Turning to the complaints of inaccuracy under Clause 1, the newspaper offered to publish a correction on the amount of time for which the workers had been contracted. It provided a transcript of the recorded conversation between the reporter and the complainant’s son that touched upon the amount they were paid. The transcript showed that, while the complainant’s son had initially quoted a figure of Â£12.50 per person an hour, he had subsequently suggested that two workers would receive Â£4000 for six weeks work, consisting of six 10-hour days a week. This came to around Â£50 a day. The newspaper also did not consider it to be a matter of dispute that the workers lived in the complainant’s attic or that UKIP was ‘anti-migrant’. Moreover, the complainant’s effusiveness about the Polish workers justified the article’s claim that he had ‘boasted’ about his ability to help supply such workers.
The thrust of the complaint fell under Clause 10 of the Code, which states that ‘engaging in misrepresentation or subterfuge can generally be justified only in the public interest and then only when the material cannot be obtained by other means’. The Commission noted that it was not in dispute that the reporters had used subterfuge to obtain information about the complainant’s employment of Polish workers.
The reference in Clause 10 to subterfuge ‘generally’ only being justifiable when the material cannot be obtained by other means allows the Commission to find no breach of the Code in some circumstances when material obtained by subterfuge may otherwise potentially be available. It may take into consideration, for example, the seriousness of the alleged subterfuge and whether or not it was proportionate in terms of the story, or whether there were reasonable grounds for concluding that pursuing other means would jeopardise future enquiries.
There was no way for the Commission to determine whether a direct approach from the newspaper would indeed have been successful and have removed the need for misrepresentation, although it did note the newspaper’s argument that a politician would be unlikely voluntarily to reveal information that would expose him to charges of hypocrisy. But in any case, the Commission was satisfied that there was an element of public interest in the newspaper’s pursuit of this story, given the perceived difference between the complainant’s political position as leader of UKIP and his practice of employing non-UK workers. The subterfuge used did not strike the Commission as being disproportionate or unnecessarily intrusive in the context of confirming a story of some public interest. It therefore did not conclude that there was a breach of Clause 10.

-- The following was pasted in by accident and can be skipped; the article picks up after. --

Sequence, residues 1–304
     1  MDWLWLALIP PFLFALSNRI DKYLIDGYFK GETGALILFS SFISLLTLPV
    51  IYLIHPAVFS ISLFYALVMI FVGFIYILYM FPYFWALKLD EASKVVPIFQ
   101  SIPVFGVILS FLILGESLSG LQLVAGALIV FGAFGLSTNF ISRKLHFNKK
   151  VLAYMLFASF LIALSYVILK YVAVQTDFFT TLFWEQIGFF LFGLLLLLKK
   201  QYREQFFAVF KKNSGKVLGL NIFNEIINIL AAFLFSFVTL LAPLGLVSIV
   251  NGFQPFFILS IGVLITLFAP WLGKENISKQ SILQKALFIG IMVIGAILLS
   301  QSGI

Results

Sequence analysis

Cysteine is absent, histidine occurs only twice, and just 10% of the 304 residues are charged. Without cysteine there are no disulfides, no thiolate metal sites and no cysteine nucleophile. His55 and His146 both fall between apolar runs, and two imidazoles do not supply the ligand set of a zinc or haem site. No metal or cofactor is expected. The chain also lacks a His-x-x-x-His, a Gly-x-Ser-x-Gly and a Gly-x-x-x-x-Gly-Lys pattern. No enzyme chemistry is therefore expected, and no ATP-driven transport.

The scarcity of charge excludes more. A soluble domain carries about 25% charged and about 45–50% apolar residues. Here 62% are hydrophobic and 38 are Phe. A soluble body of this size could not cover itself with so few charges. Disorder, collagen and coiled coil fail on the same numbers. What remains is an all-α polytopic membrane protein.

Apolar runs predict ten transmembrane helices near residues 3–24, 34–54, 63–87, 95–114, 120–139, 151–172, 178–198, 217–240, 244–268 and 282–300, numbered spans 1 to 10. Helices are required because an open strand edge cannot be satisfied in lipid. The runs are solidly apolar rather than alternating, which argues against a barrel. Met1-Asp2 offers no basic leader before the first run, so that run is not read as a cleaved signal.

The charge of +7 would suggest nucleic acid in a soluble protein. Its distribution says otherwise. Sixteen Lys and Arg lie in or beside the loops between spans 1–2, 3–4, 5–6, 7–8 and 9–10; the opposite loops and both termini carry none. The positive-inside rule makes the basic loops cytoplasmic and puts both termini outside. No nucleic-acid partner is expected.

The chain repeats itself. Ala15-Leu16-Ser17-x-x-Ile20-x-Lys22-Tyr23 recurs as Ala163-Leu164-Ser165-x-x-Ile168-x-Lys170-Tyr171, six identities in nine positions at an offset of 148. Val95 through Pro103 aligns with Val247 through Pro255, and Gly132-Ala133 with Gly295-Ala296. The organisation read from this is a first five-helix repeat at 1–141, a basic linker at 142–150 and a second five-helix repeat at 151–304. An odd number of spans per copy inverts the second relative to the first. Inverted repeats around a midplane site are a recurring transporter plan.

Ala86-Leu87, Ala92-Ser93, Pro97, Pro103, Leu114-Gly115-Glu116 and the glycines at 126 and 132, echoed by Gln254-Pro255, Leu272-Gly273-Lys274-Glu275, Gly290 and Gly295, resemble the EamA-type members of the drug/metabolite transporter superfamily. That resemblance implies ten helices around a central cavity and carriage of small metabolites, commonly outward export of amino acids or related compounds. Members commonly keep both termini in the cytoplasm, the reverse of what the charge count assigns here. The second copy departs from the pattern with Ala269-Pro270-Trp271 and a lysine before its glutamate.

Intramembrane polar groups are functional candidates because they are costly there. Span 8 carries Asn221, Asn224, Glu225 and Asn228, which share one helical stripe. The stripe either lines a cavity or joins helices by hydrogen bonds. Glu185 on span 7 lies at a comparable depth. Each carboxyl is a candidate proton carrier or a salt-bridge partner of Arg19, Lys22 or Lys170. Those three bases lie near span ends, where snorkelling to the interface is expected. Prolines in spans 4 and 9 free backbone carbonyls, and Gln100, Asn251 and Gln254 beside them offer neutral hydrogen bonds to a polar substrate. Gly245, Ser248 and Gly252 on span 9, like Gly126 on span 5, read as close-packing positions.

Neither did the Commission consider that there were any issues to pursue under Clause 3 of the Code. In stating that he would have been happy to discuss the matter with the newspaper, the complainant had clearly suggested that he did not regard the matter to be private. Indeed, he had said that the details were well known, both locally and to senior members of UKIP. Moreover, the Commission would not normally consider that publicity about renovation works at an individual’s home would amount to an invasion of privacy.
In terms of the complaint under Clause 1 of the Code, the Commission was satisfied that there was one point of established inaccuracy: the length of time the workers had been employed. The newspaper had rightly offered to correct this point, something the Commission considered to be a proportionate remedy under the Code.
On the outstanding complaints of inaccuracy, there was no breach of the
Code. The newspaper had provided
evidence – in the form of a transcribed conversation between the reporter and
the complainant’s son – in support of its claim over the amount the workers
were paid, which appeared to substantiate the figure quoted in the article and
demonstrated that care had been taken by the newspaper to avoid inaccuracy on
this point. Additionally, it was clearly
the newspaper’s opinion, distinguished as such, that UKIP was ‘anti-migrant’
and that the complainant had ‘boasted’ about his employment of Polish workers,
and it was not in dispute that they had stayed in his attic.